Drone images show around 250 wild grey seals, adults and cubs, lying on the sand on the northern French coast. Seals started to disappear from the Cote d’Opale in the 1970s, under pressure from fishermen who saw them as rivals for their catch.
Since the 1980s, seals have been a protected species in France, and in recent years, they have begun to return to the coast.
“We just saw a group of seals settling on this beach near Calais. At low tide, they settle here to get fat (for their protective layer), to rest and to prepare for their upcoming hunt at sea,” seal enthusiast Jerome Gressier told Reuters as he observed the pod.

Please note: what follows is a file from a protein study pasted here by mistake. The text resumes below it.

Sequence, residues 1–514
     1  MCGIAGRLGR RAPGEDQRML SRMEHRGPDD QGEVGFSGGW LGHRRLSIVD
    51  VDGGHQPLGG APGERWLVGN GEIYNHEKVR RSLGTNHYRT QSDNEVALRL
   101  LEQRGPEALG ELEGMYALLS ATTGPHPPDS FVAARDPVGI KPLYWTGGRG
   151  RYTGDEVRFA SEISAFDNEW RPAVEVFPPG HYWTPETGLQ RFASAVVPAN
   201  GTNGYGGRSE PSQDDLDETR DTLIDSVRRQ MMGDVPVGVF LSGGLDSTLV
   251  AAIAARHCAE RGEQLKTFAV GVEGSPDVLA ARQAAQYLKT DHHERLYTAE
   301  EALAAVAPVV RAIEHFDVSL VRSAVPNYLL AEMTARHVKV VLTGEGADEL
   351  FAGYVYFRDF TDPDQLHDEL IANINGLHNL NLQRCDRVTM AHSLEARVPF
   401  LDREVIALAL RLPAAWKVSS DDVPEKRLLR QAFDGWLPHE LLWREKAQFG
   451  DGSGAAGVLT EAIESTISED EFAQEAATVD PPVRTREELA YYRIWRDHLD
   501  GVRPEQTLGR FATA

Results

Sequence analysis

Gressier uses a long-focus lens to identify injured seals. “It allows us to see if there are any animals who are caught in nets. Often, they are caught in the neck and it hurts them quite a lot,” he said. The injured seals are treated at the nearby animal rescue center LPA Calais.
According to a 2018 report of the Hauts-de-France region’s Eco-Phoques project, at least 1,100 seals now live in the area.
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